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Arts Council England stands by decision to fund a show about a transgender artist’s search for a sperm donor with more than £60,000 of public money.

Promotional material for Krishna Istha’s show First Trimester
Krishna Istha’s show First Trimester was performed at Battersea Arts Centre in November

Arts Council England (ACE) has spoken out in support of a show about a transgender artist’s search for a sperm donor after the use of public money for the project was criticised.

Krishna Istha’s show First Trimester, which involved conversations live on stage with potential sperm donors, took place at Battersea Arts Centre in November last year, as well as touring to New Zealand and Denmark.

ACE has confirmed that it provided £64,631 of funding thorugh its National Lottery Project Grants for the season at Battersea Arts Centre, but that decision has come in for criticism.


Writing on X, Denise Fahmy, co-director of Freedom in the Arts, who won an employment tribunal claim against ACE after being harassed by fellow staff over her gender critical beliefs, said: "In what universe is selecting a sperm donor to make a child from a theatre audience a National Lottery Good Cause? Does the term ‘Good Cause’ have any ethical criteria?

And Lexi Ellingsworth, co-Founder of Stop Surrogacy Now UK, told the Telegraph: “The Arts Council have trivialised the life of any child conceived and born through this by turning it into performance art for public consumption.

“There is a general move towards the commodification of children, more now than ever, with the number of parental orders increasing annually and proposed reform seeking to liberalise surrogacy," she added. 

"We are concerned for the direction this is taking and what this means for women and children and society as a whole.”

'An entertaining show'

In a statement ACE defended the decision to fund the show.

“First Trimester is an entertaining show that explores questions about what it means to create a family and was originally supported through our National Lottery Project Grants programme, which invests in a broad range of performance appealing to audiences across the country," a spokesperson said.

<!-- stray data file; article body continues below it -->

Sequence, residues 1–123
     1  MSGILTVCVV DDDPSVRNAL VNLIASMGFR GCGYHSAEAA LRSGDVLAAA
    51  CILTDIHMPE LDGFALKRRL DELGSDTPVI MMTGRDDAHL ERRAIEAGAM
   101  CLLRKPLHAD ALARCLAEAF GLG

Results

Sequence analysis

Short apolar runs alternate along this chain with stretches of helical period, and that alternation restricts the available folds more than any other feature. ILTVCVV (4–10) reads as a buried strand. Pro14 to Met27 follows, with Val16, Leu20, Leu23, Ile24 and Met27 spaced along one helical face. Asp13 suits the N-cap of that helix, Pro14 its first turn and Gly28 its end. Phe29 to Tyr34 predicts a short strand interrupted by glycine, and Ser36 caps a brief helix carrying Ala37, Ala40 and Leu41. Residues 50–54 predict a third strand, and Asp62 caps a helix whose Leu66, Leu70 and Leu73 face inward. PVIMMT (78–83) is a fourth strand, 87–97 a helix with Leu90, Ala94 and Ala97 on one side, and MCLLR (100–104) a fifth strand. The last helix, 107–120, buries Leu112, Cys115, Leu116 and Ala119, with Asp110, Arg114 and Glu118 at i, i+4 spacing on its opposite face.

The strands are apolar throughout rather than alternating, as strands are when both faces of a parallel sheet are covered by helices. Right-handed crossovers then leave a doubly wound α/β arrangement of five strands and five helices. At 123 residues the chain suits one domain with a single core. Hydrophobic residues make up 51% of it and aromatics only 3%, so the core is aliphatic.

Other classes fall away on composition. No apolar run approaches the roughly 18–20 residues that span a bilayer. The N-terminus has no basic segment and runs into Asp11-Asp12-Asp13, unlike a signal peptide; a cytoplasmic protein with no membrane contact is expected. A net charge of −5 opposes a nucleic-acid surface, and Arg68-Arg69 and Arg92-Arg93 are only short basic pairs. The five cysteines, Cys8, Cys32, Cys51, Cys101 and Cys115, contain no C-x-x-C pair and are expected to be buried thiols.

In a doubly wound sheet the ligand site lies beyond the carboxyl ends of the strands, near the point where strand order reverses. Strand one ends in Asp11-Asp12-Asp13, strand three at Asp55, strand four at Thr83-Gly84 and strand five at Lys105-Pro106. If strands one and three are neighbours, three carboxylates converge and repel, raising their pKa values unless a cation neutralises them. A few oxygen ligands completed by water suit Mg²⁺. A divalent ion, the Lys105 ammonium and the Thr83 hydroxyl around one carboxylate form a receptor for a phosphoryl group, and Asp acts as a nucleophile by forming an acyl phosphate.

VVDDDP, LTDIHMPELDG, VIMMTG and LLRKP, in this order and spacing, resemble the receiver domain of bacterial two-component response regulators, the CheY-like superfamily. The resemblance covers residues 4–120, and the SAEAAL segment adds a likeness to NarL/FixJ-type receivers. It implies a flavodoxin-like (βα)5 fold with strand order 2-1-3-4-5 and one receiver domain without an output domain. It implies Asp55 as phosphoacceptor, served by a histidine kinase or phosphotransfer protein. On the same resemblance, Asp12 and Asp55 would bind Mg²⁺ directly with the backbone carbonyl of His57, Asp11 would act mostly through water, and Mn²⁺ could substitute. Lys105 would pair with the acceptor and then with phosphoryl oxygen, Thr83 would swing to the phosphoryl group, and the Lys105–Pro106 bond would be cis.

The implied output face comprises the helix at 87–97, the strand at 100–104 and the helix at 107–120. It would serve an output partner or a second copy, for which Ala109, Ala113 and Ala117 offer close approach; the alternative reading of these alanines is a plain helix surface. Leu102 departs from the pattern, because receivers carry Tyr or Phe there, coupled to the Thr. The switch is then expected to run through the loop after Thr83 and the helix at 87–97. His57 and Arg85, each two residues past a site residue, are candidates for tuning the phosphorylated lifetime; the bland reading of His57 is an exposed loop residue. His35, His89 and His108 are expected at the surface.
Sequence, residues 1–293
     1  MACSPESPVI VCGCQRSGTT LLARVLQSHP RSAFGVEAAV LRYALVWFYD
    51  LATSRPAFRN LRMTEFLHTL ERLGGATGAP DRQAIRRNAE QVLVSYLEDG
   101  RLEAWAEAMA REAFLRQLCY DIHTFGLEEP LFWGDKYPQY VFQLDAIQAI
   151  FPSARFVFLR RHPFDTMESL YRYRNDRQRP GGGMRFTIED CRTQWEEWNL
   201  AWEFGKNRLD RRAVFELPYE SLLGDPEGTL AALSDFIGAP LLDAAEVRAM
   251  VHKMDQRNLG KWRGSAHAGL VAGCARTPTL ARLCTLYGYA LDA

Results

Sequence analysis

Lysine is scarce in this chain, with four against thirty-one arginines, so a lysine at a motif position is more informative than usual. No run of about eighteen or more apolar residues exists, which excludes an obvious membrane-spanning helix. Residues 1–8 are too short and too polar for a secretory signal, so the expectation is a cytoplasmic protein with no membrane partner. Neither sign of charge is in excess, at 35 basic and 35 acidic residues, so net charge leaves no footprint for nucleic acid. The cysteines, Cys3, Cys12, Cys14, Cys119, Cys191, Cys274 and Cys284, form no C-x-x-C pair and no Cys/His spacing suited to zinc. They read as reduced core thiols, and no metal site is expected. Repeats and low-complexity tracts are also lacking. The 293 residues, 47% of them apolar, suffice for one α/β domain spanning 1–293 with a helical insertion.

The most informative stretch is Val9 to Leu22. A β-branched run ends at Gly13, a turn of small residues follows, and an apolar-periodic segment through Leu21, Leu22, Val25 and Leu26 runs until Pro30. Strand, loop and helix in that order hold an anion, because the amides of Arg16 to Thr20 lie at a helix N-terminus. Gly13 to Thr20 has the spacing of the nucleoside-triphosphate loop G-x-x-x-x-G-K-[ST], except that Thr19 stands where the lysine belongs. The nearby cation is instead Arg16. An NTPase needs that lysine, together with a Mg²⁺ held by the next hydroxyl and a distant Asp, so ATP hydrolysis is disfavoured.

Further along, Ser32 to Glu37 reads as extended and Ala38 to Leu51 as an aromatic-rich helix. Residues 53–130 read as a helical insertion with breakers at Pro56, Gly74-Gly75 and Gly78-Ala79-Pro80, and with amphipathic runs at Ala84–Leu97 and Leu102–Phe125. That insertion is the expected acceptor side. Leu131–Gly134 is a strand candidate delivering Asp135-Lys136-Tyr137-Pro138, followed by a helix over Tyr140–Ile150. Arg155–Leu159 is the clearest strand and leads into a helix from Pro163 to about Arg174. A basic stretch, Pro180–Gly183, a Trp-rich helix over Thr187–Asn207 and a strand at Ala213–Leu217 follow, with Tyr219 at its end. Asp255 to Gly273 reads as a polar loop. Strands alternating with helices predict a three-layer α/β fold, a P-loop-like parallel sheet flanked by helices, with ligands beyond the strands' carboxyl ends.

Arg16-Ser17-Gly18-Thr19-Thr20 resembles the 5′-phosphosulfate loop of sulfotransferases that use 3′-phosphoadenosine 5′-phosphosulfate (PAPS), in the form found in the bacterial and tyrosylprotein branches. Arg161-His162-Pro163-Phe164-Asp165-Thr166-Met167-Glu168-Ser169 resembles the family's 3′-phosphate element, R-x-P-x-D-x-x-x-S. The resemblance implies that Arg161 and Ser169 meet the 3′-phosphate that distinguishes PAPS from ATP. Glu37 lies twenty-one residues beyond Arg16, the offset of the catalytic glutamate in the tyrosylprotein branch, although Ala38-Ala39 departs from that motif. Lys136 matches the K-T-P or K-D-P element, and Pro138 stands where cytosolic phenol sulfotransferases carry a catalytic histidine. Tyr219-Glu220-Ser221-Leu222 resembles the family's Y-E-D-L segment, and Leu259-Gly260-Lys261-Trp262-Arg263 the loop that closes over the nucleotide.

"We were glad to see that Krishna Istha’s show toured to New Zealand and Denmark, and that international audiences had the chance to experience it.”

The show was also praised in a review published by the Progress Educational Trust, a charity that provides information to people affected by infertility or genetic conditions.

"For such a traditionally serious topic, the event somehow managed to be simultaneously insightful and riotously funny," Dr Joseph Hamilton wrote in the review.

"The evening was thoroughly entertaining and also made me consider what is important to me in the route to parenthood.

"Topics spanned the importance of financial stability in raising a child; the inaccessibility of adoption services for trans parents and the lack of racial diversity in UK sperm cryopreservation."

Opposition to the funding of First Trimester comes after Creative Scotland last week defended its decision to award funding for a film installation featuring participants engaging in "non-simulated" sex.

The REIN project, which was initially presented as “an exploration of dyke sexuality”, secured more than £110,000 of lottery funding from the Scottish arts body. 

Support was cancelled when concerns were raised that the project's website was advertising for people to take part in "non-simulated" sex, including "hardcore" acts.

MSPs were told that Creative Scotland had since reclaimed £76,196 from the project.

Chief Executive Iain Munro said it important for Creative Scotland to support work "representative of all parts of Scottish society, including those who are more marginalised" and that the it was not initially aware of the intention to use real sex.

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Isn't it absolutely marvellous that in the same week as there's an article on the 'cultural revolution' of the arts and how people are being silenced if they don't fall into line with 'dogmatic' views. One of the people from that very same organisation that is standing up against being silenced is quoted in this article questioning a funding decision on another artists work? Based on the content of the show? That doesn't sound particularly Freedom For The Arts now does it...

What I would like to know is why Krishna Istha, was not consulted for a comment on this. The article is giving voice to 2 different sources opposed to the show, but the artist voice is not heard. Unfortunately this is happening right across the board. Trans issues are being debated, but the trans community is not being included and in effect silenced!